The capital gains tax proposal from the Tax Working Group could create room for cuts to personal income tax, GST or small business compliance costs if implemented.
The Working Group's interim report today falls firmly in favour of broadening the existing range of capital gains taxes to capture profits on the sale of a far wider range of assets than the current regime.
The scope of the review rules out taxing the family home.
However, an expanded CGT could include: residential land other than under a family home, commercial, agricultural, industrial and leasehold interests and shares in companies.
That would likely increase tax revenue going to the Government.
Finance Minister Grant Robertson has indicated he wants final recommendations from the Tax Working Group (due February) to be revenue neutral.
In his letter of response to the report, Robertson has asked the Working Group to now recommend and consider "an overall package of measures".
"This should include measures that result in an overall revenue-neutral package."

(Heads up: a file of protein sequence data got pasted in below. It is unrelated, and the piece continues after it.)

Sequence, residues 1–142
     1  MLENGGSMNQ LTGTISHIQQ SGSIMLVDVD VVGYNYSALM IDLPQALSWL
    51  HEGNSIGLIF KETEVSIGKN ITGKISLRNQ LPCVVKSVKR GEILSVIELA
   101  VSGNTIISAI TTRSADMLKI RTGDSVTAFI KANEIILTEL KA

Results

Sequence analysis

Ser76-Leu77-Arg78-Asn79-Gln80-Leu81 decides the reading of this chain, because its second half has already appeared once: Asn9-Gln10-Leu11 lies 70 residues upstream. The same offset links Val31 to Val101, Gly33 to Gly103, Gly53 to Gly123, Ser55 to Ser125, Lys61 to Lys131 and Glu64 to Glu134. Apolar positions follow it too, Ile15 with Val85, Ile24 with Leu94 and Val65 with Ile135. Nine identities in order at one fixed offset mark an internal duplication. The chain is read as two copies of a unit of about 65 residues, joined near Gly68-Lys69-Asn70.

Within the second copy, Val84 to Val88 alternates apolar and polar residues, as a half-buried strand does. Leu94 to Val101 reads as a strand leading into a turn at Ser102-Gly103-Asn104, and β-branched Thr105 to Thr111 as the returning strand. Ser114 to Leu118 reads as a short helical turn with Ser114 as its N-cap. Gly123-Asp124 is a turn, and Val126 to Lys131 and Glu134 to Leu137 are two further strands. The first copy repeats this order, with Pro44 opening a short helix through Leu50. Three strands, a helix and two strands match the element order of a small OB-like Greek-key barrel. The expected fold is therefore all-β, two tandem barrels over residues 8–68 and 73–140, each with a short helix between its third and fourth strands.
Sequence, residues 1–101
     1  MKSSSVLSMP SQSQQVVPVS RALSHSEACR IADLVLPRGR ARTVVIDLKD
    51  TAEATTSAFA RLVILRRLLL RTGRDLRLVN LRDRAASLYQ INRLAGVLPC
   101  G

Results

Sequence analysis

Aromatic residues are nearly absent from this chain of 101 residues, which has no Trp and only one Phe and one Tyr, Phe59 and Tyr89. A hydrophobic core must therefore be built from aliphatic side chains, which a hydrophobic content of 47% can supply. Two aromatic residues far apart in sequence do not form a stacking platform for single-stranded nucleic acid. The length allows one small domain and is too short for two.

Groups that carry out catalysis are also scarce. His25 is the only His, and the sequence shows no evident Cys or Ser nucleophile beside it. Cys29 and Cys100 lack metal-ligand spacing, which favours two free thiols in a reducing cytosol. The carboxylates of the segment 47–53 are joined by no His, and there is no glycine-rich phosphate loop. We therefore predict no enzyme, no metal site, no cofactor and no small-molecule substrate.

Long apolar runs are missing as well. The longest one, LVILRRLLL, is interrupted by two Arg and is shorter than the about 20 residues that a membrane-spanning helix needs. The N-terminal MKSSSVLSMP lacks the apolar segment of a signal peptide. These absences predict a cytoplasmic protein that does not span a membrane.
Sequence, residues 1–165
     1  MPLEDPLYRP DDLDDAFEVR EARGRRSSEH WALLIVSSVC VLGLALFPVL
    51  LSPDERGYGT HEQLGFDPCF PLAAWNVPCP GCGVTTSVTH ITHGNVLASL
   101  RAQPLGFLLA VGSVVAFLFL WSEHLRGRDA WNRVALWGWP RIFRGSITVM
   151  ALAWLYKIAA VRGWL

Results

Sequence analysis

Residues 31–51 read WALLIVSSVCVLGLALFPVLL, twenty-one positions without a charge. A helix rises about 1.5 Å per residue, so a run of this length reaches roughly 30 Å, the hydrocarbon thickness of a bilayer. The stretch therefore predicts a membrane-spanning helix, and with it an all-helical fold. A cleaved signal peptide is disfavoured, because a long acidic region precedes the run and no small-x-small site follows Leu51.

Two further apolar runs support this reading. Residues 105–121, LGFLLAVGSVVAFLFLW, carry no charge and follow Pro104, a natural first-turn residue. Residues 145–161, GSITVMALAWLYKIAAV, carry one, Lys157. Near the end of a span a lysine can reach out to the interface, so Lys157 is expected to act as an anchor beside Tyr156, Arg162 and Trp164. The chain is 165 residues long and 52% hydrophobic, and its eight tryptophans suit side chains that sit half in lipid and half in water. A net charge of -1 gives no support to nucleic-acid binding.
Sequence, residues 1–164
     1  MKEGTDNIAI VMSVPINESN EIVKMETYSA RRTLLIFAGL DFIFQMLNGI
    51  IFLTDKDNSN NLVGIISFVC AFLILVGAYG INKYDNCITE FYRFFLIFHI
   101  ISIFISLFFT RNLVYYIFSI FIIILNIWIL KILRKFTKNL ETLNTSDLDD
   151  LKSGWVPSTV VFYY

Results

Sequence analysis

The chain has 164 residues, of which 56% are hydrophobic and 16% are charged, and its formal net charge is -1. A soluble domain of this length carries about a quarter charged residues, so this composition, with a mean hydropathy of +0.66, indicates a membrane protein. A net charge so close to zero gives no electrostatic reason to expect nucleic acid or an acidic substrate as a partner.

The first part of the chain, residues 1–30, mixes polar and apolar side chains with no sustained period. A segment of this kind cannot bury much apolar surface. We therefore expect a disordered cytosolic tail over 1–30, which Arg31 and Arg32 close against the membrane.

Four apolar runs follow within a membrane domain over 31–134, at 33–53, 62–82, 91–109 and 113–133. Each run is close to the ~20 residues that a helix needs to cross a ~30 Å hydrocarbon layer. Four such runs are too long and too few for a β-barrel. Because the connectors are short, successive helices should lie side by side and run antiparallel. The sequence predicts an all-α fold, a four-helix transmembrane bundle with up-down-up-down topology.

This means any gains made on new taxes would have to be offset with tax cuts.
In the interim report, the Working Group addresses this by looking closely at options for cuts to GST, personal income tax and company tax.
While no final recommendations have been made, some options appear to be favoured.
Charged with the task focus adding fairness to the tax system the report effectively rules out cuts to the top personal income tax rate, however, cuts to the lower tax rate remain on the table.
The Working Group warns against the high cost of an across-the-board cut to GST - noting a loss of about $2 billion a year if it were cut from 15 per cent to 13.5 per cent.
But that the possibility remains live - as does the potential of removing GST on fresh fruit and vegetables.
The company tax rate is also considered. While the Working Group appears not to favour a cut to the current rate it does indicate scope for cutting small business compliance costs by adjusting the thresholds.
It also considers the possibility of a progressive company tax rate – with a lower rate for smaller businesses (a system already in place in Australia).
A spokesperson for the Finance Minister said nothing beyond the original scope has been ruled in or out yet.